Historic Senate Earmarks Battle Updated on Porkbusters; Coburn Example Shows True Political Courage, Value of Term Limits
It's been an historic week in the U.S. Senate as Sen. Tom Coburn, R-OK, used an obscure parliamentary move dubbed the "clay pigeon" amendment to force votes on nearly two dozen earmarks slipped into the emergency appropriations bill for the wars in Iraq and Afghanistan, and Gulf Coast hurricane recovery.
There have been some victories and more defeats, but Coburn has succeeded in putting before the American people as no politician has before him in the modern era the magnitude and fundamental dishonesty inherent in so much of federal spending.
By standing up by himself in the beginning and then persevering through the insults, counter-attacks and tirades of the old bulls of the Senate, Coburn has given the country a vivid demonstration of genuine political courage. One result has been that many more Members of the Senate have begun to vote with him instead of against him.
But there is another aspect of Coburn's demonstration that bears comment and that is how he has also provided a demonstration of the tremendously salutary effects of term limits. As he frequently notes, he isn't worried about getting re-elected, so he has in a sense operationally term-limited himself.
The present corrupt political culture on Capitol Hill exemplifies the career politics that have dominated the federal government since the New Deal, which incidentally marked the major turning point downward in the percentage of freshmen in each succeeding Congress.
Without term limits - either voluntary, as functionally existed from the founding through WWI or mandatory by constitutional amendment - career politicians of all partisan stripes inevitably focus on getting re-elected. And they rig the campaign rules to favor themselves, even as they also rig the processes of government to provide additional advantages for incumbents with measures like earmarks.
This is not a partisan phenomenon. When the Democrats dominated Congress for 40 years, the same process at work now was evident then in a hundred ways. Now that the GOP has been in control for 12 years, many of its leaders in Congress have sucumbed to the temptations of incumbent protection.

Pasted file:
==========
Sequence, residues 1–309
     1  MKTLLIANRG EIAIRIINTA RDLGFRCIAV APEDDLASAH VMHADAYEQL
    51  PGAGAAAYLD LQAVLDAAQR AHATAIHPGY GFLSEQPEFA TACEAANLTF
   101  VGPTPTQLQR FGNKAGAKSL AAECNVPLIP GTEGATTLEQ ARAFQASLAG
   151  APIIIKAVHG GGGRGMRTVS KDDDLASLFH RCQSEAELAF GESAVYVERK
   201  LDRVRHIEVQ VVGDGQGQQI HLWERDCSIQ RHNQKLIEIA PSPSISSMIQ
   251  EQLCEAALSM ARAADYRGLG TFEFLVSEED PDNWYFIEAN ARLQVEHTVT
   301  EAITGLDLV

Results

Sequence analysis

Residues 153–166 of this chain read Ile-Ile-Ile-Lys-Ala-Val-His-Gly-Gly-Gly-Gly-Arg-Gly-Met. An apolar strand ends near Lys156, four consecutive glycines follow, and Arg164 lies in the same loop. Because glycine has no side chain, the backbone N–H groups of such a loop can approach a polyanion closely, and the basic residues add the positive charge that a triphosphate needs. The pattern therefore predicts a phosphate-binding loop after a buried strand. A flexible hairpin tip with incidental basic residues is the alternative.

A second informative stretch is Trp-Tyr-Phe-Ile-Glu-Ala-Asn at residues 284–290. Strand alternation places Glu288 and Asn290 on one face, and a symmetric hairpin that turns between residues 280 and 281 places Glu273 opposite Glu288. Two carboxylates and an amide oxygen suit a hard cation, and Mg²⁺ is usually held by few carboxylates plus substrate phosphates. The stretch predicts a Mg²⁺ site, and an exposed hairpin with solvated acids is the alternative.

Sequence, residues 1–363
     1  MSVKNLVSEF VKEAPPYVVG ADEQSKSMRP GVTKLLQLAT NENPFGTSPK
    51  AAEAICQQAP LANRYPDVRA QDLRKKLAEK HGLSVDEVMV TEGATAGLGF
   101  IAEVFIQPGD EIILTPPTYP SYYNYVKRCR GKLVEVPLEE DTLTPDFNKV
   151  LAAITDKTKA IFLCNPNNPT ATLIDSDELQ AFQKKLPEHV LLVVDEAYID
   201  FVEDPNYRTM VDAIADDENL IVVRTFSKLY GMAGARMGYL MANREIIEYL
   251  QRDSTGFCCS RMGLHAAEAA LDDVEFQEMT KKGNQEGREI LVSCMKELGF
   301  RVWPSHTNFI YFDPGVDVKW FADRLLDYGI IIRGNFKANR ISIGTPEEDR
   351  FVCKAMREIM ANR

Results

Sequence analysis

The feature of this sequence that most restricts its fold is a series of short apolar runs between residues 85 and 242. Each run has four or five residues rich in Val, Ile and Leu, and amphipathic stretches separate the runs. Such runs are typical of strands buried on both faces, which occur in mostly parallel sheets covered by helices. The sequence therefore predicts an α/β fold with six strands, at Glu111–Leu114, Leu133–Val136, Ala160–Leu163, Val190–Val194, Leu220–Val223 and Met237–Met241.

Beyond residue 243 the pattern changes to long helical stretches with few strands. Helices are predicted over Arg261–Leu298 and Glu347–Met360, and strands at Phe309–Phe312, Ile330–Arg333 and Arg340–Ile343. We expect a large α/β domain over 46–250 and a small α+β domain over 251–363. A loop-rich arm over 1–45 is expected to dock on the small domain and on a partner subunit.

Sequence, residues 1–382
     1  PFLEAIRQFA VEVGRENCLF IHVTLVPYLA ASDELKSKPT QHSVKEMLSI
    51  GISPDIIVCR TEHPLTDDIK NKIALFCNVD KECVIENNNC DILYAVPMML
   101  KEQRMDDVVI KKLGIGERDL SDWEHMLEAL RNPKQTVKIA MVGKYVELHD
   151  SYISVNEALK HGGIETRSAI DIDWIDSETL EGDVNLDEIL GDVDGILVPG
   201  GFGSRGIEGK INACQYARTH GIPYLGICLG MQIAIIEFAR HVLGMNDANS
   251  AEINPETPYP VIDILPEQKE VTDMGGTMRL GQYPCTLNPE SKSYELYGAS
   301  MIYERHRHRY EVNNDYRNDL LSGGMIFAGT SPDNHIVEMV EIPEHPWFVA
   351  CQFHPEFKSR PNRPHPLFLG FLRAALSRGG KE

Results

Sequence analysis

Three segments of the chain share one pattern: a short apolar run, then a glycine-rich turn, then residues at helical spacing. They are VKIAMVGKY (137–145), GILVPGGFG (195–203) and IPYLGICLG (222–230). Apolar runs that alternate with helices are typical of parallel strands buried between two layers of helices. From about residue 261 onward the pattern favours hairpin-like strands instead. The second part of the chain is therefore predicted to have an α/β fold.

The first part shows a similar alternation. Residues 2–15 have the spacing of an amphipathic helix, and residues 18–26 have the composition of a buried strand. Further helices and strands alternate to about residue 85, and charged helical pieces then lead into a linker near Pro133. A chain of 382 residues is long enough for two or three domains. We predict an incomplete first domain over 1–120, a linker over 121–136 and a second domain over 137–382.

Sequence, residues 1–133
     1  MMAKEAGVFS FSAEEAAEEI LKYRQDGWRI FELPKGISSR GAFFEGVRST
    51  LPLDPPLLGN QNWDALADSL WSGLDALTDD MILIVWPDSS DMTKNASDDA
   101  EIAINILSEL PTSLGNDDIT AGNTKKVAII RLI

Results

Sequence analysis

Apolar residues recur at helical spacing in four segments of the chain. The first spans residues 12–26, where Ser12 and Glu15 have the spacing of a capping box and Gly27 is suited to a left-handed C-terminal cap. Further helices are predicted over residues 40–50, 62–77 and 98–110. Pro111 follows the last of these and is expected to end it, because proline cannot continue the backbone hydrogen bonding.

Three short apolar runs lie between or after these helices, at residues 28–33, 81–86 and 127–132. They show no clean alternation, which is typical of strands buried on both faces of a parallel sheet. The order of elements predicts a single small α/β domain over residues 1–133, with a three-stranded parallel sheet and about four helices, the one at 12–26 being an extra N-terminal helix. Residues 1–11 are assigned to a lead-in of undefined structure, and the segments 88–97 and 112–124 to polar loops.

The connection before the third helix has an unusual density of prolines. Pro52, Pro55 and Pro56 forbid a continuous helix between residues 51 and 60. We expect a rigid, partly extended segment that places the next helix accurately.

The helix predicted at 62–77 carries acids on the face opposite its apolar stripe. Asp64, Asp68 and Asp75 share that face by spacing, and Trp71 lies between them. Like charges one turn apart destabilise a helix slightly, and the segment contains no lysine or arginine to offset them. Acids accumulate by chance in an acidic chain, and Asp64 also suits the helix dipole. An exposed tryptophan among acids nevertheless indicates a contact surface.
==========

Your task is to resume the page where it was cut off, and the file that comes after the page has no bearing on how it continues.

It is not coincidental that as Coburn was laboring in the Senate, over in the House the GOP leadership was shepherding through a package of so-called lobbying reforms in response to the abuses revealed by the Jack Abramoff scandal.
There are some valuable provisions in the House lobbying reform - particularly those requiring greater disclosure of Members seeking earmarks - but for the most part, the legislation simply perpetuates the complicated system of rules and regulations that often seem designed to encourage creative interpretation.
This past week could prove to have been the beginning of the end for the politics of corruption that has been Washington for so long. Truth Laid Bare's Porkbuster page has a comprehensive rundown of the votes on Coburn's various amendments. Go here for the information, take names and remember them come November.
UPDATE: Senate Leaders Pack Conferees With Porkers
And now, as if to drive home my point about the depth of corruption in the political culture of Washington, Senate leaders have appointed conferees to negotiate with the House on the emergency spending bill.
The list of Senate conferees reads like a Porkers Hall of Fame roll call:
THE PRESIDING OFFICER: UNDER THE PREVIOUS ORDER, THE CHAIR APPOINTS THE FOLLOWING AS CONFEREES ON THE PART OF THE SENATE.
THE CLERK: SENATORS COCHRAN, STEVENS, SPECTER, DOMENICI, BOND, McCONNELL, BURNS, SHELBY, GREGG, BENNETT, CRAIG, HUTCHISON, DeWINE, BROWNBACK, ALLARD, BYRD, INOUYE, LEAHY, HARKIN, MIKULSKI, REID, KOHL, MURRAY, DORGAN, FEINSTEIN, DURBIN, JOHNSON, AND LANDRIEU.
It is simply astounding that Cochran, Stevens, Byrd and Harkin are conferees, as they epitomize the Old Bulls who thrive on pork barrel. Brownback is the only identifiable "movement conservative" in the whole bunch.
And if the Senate really did operate on the basis of mutual respect and cordiality, why isn't Coburn on this list?
UPDATE II: Hastert Says Senate Bill is DOA
Speaker of the House Dennis Hastert has just issued this statement:
"As it's currently drafted, the Senate's $109 billion emergency spending bill is dead on arrival in the House. President Bush requested $92 billion for the War on Terror and some hurricane spending. The House used fiscal restraint, but now the Senate wants to come to the table with a tab that's $17 billion over budget. The House has no intention of joining in a spending spree at the expense of American taxpayers."